Pseudo-Ethicist on Churchill at Hamilton

On numerous occasions I’ve suggested that Randy Cohen doesn’t do a particularly good job at being an ethicist. Atticus Finch suggested that you should put yourself in someone else’s shoes before you judge them, and today I’m going to attempt that. Since no one ever sends me ethical questions to answer, so I’m going to answer a question ripped from today’s headlines.

I am the President of a liberal arts college in upstate New York, near Utica. Five days ago, a news story broke about a Professor at another school who we had invited to speak to the students here. It turns out he had written an essay arguing that the 9/11 attackers were completely justified. In response to this news, there have been many calls to cancel the speech. In addition, threatening letters have been sent to me, the Professor in question, and other staff at my school. Also, some donors withdrew pledges and some students renounced their interest in matriculating. I found his essay “repellent,” but his speech was going to be about Native American activism, which is at best tangentially related to the essay. I cancelled the speech, saying, “but the point came that I simply felt that this threat was too large for us to handle.” Still, I feel like I’ve important violated free speech principles. What should I have done?

In order to answer I read through the essay he wrote, and you’re quite right to find it repellent. For one thing, he makes claims about the attackers responding to the death’s of Iraqis from the first Gulf War which are wholly unsubstantiated. For another, his whole argument comes down to, “The United States has done terrible things in the past, including killing a great many people. It is therefore justifiable to kill any citizen of the United States, at least up to the number of people who have been killed by United States military operations.” Among the many flaws in this argument, one apparent one is that it, out of hand, treats every military action by the U.S. as unjustified. Also, its notion of collective guilt is both false and dangerous. Collective guilt was one of the primary justifications for Stalinist purges. He brings up collective guilt by noting that the German population was held collectively responsible for the Nazi government’s actions, but fails to note that the remedy for their supposed guilt was nothing, outside of a very few people who were tried as war criminals. I am getting all of this out of the way first because it is far easier to explain what’s wrong with Prof. Churchill’s argument than to advise you on how to respond to it.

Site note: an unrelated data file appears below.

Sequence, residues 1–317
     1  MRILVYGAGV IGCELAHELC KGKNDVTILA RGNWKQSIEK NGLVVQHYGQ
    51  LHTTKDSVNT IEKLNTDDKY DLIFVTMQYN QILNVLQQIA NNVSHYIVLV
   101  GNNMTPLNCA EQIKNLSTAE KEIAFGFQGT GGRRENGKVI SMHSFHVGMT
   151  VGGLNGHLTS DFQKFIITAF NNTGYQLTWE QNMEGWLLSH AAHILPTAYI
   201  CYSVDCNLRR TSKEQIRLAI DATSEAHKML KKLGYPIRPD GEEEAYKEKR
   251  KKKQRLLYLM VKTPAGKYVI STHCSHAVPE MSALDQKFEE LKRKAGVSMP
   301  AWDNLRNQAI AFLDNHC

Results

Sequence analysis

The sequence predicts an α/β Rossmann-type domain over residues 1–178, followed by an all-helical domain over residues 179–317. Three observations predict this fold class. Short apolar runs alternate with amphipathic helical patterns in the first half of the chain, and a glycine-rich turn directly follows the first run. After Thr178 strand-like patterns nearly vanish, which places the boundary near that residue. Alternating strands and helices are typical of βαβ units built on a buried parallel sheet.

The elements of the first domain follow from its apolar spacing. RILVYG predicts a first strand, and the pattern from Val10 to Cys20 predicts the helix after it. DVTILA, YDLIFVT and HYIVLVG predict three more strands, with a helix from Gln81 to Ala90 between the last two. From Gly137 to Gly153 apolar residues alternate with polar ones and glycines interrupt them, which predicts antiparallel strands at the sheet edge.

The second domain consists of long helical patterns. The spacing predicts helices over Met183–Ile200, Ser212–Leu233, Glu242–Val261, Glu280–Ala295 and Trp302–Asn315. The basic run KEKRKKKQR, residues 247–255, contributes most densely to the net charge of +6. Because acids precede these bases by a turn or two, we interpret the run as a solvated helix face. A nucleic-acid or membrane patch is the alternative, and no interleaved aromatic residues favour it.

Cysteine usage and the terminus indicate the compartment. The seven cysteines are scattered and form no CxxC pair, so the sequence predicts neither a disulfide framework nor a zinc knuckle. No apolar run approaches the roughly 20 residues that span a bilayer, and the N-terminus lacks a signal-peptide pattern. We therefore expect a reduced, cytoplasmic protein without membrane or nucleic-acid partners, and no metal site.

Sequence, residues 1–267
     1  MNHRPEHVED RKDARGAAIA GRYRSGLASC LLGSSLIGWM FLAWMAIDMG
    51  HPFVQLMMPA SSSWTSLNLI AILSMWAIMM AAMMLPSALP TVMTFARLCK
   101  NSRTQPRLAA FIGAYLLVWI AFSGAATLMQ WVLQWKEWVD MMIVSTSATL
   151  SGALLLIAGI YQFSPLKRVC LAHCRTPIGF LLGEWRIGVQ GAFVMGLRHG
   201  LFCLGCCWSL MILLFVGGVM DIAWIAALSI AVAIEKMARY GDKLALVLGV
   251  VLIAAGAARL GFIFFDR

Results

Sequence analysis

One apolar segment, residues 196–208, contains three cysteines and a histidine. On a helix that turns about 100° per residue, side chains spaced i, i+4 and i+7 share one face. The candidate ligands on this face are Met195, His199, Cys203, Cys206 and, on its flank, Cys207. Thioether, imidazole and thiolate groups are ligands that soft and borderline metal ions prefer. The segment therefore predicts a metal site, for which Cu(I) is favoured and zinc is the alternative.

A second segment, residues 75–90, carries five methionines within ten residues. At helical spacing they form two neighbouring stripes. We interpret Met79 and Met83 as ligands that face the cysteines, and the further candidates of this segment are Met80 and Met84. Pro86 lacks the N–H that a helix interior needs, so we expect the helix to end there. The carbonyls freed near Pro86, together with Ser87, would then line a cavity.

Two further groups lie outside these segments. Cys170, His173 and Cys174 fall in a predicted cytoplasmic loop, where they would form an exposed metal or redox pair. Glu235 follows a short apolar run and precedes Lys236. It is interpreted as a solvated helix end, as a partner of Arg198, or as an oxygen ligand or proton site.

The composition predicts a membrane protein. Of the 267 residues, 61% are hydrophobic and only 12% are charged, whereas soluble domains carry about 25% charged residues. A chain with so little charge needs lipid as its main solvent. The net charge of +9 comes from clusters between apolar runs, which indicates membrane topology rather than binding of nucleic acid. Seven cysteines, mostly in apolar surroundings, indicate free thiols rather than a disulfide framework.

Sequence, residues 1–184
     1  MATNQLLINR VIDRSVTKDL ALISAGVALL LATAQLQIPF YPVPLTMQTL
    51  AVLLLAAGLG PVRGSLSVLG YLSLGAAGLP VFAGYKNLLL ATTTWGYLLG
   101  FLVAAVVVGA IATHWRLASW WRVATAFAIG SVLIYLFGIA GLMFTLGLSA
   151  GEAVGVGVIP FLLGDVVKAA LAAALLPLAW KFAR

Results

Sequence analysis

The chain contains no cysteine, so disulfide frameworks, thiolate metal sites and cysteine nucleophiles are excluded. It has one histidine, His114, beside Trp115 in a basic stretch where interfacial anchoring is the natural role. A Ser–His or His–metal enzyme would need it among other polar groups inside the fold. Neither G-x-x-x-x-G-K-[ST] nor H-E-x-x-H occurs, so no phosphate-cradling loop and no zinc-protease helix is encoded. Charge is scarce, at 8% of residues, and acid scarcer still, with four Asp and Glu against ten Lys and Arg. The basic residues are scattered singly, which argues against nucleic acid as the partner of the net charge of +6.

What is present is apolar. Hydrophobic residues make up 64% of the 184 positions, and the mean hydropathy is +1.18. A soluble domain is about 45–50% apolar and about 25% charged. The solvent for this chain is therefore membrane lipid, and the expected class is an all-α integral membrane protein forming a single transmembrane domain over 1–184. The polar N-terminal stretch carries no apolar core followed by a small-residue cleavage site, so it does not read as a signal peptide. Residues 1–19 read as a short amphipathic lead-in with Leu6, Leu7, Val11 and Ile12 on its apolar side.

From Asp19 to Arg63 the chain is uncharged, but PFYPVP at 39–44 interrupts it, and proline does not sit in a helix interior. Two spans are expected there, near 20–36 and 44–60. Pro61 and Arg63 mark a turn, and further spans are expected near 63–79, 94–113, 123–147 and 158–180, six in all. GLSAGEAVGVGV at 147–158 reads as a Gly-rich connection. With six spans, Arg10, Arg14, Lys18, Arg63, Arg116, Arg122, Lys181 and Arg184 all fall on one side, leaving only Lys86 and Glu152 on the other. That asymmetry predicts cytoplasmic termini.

While your college’s commitment to presenting a diversity of views is excellent, it is obviously not an absolute obligation. But since you had already made a commitment to have Prof. Churchill speak, the question is under what circumstances should a speech be cancelled due to unrelated statements the speaker has made. I would suggest that once an agreement has already been made, the fact that the speaker has made statements that are false, controversial, and deeply hurtful isn’t a good reason to cancel the speech. In fact it would probably make the whole experience more interesting for the students, giving them a chance to confront his arguments and understand for themselves that they are wrong (or not, some students may come away thinking what he says is true).

However, you have obligations besides the one to establish an environment where a variety of ideas (even false and pernicious ones) can be heard and possibly flourish. I therefore think that the downturns in donations and applications are sufficient reasons to cancel the event, depending on how severe there long term affect on the college may be. The idea that you are canceling the event due to threats of violence is of course worrisome, since it incentiveizes future threats of violence to obstruct other speakers which people find objectionable. I’m therefore fairly certain that even if the threats were the real reason you cancelled, it was a mistake to say so. I would have gone with a statement that the considerable outrage it sparked among alumni made you reconsider. And I would have cancelled the speech, not because of how disgusting Churchill’s remarks are, but in spite of them.

I also don’t think anyone who disagrees with Mr. Churchill’s views, now that they are known, has an obligation to help him disseminate them. But that’s a separate issue about whether or not you should have booked him if you had known what he was likely to say. I recognize this response may be under-attentive to the hurt his statements have caused people who lost friends and loved-ones in the 9/11, and while those people have every right to be angry with him, I don’t think that would have been a sufficient reason to cancel.